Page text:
It is often the case with small family run businesses that either Mum or Dad is nominated as the sole director/shareholder of the family company. If the person nominated as sole director/shareholder dies without a Will, this can cause substantial problems for the surviving family members, especially in the short term, as they try to continue to manage the business.
In normal business circumstances, if a director or sole shareholder of a company dies without a Will, the surviving directors are able to continue to operate the business and, if necessary, may even nominate an interim person to fill in the role of the deceased. Equally, if the sole shareholder of a company dies, the directors can continue to manage the business until the beneficiaries have the shares transferred to them under the will.
However, where the deceased is the sole director and shareholder, the situation is different.
Under s 201F of the Corporations Act 2001 the Executor or other personal representative who is appointed to manage the deceased’s estate is able to appoint a new director of the company. The director has all the powers, rights and duties of the previous director and can keep the company running until the shares are distributed to the beneficiaries.
Without a valid or current Will in place, the process can become significantly more complex and can take substantial time (and money) until either letters of administration are granted by the Supreme Court to a family member who makes an application, or alternatively if there are no immediate family members to deal with the Estate, then the Public Trustee may step in to manage the Estate.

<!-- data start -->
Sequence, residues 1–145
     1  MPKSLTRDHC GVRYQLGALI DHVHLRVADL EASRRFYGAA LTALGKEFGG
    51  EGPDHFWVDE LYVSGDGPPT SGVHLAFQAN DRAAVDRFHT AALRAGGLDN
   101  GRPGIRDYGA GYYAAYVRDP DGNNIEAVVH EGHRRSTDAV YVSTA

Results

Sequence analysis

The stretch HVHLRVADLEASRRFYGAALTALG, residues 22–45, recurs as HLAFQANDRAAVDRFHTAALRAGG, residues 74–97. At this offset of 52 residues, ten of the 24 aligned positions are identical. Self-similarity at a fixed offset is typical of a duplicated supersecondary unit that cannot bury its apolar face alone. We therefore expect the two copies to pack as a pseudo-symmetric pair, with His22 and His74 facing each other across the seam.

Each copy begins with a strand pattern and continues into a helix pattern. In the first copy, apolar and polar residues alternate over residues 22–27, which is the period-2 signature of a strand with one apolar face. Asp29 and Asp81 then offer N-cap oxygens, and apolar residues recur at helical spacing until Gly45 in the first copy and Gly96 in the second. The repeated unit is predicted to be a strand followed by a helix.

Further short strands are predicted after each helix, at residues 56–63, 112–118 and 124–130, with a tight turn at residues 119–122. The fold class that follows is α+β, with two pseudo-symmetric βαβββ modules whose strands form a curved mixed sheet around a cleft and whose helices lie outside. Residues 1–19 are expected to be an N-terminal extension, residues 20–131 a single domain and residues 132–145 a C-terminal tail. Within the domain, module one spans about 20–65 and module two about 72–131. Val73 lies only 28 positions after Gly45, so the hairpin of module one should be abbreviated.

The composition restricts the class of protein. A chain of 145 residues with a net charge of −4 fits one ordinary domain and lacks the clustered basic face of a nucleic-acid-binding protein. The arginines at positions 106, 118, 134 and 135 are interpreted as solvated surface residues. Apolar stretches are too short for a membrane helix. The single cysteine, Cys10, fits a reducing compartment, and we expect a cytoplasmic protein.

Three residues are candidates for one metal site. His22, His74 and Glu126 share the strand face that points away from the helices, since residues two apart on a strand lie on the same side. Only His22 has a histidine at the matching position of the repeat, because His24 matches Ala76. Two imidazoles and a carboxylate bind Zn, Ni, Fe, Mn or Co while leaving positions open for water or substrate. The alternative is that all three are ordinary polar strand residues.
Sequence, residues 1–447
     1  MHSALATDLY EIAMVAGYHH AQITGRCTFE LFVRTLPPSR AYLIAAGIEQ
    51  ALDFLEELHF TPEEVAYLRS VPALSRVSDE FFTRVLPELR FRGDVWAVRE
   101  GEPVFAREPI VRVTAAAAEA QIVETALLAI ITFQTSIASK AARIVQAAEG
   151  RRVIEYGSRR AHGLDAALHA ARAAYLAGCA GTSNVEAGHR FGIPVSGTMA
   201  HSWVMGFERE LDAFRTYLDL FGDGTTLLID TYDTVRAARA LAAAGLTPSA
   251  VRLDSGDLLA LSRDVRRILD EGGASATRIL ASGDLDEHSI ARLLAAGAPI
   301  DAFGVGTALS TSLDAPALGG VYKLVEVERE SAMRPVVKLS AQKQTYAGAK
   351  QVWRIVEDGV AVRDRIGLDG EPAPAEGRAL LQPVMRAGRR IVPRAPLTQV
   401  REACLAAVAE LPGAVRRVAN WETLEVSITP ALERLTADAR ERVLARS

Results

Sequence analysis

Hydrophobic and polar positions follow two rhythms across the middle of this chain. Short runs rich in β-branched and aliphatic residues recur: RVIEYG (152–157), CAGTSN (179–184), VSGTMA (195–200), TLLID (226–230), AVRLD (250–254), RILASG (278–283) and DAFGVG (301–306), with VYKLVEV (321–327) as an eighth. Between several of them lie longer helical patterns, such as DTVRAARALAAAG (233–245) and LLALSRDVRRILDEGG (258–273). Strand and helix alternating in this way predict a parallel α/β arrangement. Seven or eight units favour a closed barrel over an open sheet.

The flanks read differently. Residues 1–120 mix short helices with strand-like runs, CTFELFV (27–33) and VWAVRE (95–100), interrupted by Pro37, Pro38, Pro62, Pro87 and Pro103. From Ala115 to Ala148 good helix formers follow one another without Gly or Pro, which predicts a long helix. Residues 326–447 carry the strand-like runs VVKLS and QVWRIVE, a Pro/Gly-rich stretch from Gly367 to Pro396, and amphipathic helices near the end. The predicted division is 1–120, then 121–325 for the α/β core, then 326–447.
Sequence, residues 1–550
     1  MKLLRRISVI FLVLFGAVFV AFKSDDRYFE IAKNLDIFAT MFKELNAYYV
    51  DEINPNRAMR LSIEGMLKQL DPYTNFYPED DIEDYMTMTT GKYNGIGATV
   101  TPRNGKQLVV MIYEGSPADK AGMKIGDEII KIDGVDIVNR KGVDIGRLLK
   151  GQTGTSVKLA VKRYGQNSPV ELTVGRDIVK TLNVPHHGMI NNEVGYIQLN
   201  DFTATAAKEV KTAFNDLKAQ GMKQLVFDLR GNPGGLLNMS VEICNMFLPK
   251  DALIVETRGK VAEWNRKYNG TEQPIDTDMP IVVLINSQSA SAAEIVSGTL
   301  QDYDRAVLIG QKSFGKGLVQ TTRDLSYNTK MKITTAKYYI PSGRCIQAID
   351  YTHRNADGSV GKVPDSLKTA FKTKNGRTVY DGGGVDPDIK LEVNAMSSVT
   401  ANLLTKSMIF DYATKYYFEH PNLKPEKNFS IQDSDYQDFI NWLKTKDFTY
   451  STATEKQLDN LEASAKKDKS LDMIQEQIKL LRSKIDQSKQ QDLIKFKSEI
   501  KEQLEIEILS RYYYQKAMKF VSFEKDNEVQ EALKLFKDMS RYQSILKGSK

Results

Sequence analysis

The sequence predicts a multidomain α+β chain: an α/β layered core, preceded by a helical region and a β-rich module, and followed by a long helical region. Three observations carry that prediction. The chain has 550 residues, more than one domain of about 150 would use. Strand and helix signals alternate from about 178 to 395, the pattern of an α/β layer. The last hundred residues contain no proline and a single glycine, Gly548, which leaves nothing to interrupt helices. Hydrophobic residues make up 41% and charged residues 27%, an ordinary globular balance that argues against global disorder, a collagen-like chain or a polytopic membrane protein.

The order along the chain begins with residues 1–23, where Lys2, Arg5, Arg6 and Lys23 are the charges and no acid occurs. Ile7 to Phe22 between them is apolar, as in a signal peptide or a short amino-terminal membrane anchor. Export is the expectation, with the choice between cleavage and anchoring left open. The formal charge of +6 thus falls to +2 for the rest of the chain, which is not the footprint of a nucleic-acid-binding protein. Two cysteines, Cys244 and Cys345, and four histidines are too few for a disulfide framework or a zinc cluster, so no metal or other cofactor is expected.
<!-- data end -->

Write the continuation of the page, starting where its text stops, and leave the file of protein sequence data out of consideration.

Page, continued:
During that period where there is no director, the company will be left with no one authorised to manage the affairs and continue to operate the business, which can have detrimental effects on all areas of the business – from dealings with banks and other financial institutions in relation to company accounts to not being able to pay staff and suppliers. These issues can have a harmful effect on the reputation of the business (and in turn value) which can ultimately affect the value of the entitlements of the beneficiaries of the Estate. Equally, should there be a buyer willing to purchase the company, this transaction cannot be completed quickly as there will be no recognised owner of the shares to authorise the share transfer. Even if the beneficiaries decide to wind up the company and divide the proceeds, the potential delay may mean the company’s value would be much less than if it had been able to trade in the interim.
To summarise, if you are the sole director/shareholder of a company it is essential that you have a Will in place to ensure the smooth transfer of the company assets to your ultimate beneficiaries.